Tue, 04 Feb 2003

Nation has no leaders, only political elite says historian

M. Taufiqurrahman, The Jakarta Post, Jakarta

Indonesia is in dire need of true leaders who are willing to fight for the good of the country and its people in ending the ongoing multifaceted crisis, said a noted historian on Monday.

Historian at the Ministry of Tourism and Culture Anhar Gonggong said that the country had only party leaders who lacked statesmanship and dedication, in contrast to the nation's founding fathers.

Anhar said that instead of finding a way to resolve the country's problems, today's leaders tended to prioritize the fulfillment of their own welfare by disregarding public interest.

"For most political leaders, what comes first in their minds prior to assuming public office is easy access to the bulk of state facilities," he said in a seminar to commemorate one of the leaders of the 1948 Emergency Government of the Republic of Indonesia (PDRI), Sutan Mohammad Rasjid, who was renowned for his integrity.

Saying that a large number of political figures in the country could easily be bribed, he continued, "I am disappointed by the fact that many of our members of parliament receive money from state-owned companies to support their causes."

Anhar believes current leaders lacked the will to sacrifice themselves for the nation, a quality that was embodied by the country's founding fathers.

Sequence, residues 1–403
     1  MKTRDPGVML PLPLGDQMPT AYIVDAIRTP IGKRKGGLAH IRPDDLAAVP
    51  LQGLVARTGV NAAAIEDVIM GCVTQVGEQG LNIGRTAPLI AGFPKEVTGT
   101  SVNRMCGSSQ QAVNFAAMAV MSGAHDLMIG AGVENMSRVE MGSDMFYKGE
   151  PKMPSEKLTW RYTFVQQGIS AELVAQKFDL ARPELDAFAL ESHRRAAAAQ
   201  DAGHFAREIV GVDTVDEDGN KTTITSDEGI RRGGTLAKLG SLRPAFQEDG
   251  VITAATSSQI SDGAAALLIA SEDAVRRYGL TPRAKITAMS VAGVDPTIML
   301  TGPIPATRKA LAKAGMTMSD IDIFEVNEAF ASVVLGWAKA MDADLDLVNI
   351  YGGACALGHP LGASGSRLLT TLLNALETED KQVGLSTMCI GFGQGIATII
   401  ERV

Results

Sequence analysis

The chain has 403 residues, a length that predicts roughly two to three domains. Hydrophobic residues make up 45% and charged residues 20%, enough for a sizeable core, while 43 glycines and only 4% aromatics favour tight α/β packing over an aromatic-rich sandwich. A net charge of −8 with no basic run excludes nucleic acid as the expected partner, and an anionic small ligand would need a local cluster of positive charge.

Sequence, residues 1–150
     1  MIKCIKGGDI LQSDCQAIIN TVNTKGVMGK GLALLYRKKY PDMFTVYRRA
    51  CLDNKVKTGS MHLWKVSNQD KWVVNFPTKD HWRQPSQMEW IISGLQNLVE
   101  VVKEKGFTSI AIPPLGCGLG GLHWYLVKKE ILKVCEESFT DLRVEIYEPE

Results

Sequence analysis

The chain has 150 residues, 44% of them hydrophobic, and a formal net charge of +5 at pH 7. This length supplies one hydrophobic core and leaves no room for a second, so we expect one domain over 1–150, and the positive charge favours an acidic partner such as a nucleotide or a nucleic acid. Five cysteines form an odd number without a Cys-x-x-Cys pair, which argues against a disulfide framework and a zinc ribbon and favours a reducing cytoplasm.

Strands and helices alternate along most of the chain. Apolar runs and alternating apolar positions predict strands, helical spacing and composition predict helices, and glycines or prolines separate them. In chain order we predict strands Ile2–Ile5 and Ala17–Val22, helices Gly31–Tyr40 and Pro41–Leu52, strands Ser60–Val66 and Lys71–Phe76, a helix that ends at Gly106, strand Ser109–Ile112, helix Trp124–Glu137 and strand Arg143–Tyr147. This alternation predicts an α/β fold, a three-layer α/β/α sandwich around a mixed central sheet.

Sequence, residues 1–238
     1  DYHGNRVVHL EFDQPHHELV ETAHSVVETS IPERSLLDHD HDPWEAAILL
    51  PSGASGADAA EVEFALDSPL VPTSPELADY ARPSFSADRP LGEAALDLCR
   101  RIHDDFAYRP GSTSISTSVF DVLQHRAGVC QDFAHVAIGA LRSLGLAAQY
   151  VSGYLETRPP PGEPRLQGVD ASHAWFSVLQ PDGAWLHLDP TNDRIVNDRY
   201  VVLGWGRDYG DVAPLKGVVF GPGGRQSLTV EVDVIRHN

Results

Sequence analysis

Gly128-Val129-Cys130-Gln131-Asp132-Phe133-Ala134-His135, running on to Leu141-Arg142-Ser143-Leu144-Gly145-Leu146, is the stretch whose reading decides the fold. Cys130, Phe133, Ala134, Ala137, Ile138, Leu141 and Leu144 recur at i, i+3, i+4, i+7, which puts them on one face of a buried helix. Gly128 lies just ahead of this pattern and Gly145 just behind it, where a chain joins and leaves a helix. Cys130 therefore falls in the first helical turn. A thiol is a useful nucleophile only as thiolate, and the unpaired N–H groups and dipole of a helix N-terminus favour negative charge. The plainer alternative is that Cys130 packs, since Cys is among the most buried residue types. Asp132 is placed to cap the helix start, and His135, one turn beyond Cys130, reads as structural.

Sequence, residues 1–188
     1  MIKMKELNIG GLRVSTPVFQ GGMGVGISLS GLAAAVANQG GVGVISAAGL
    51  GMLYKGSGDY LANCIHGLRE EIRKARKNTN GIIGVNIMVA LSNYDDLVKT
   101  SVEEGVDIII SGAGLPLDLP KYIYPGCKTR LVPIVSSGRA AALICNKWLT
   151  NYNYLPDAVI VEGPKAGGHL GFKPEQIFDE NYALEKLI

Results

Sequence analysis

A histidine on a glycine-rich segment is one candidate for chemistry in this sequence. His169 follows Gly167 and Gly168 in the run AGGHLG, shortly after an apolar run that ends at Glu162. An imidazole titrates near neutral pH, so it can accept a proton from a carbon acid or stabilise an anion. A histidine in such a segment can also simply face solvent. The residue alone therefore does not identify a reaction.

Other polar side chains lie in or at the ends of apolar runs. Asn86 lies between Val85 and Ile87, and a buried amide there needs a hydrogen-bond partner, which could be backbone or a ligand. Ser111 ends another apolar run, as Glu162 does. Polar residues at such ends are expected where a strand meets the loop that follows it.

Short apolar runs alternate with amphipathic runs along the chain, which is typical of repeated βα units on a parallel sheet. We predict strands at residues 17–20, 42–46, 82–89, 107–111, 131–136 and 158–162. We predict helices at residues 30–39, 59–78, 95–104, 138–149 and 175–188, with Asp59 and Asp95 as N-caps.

"In the recent deliberation of political bills, members of the House of Representatives strove only for their party's victory in the coming elections in 2004," he told The Jakarta Post.

He remarked that current political leaders should learn more from the country's founding fathers, such as Sutan Moh. Rasjid, who were willing to die for the country.

Sutan Moh. Rasjid, then West Sumatra Military Governor under PDRI, was like his mentor, Sjahrir, genuinely struggling for the independence of Indonesia.

The biography of Sutan Moh. Rasjid tells of his adamant refusal to be bribed during his term as Indonesian ambassador to Italy.

"Happiness does not come from owning a big house, luxurious cars and a high salary," Rasjid was quoted as saying in his biography.

Earlier in the seminar, political analyst Salim Said said that the cause of the absence of true leaders in the country was the authoritarian rule of former president Soeharto.

"During Soeharto's leadership, there was no competition among political parties, (so) how can we expect political leaders to prevail if there is no competition to cultivate them as true political leaders?" he said.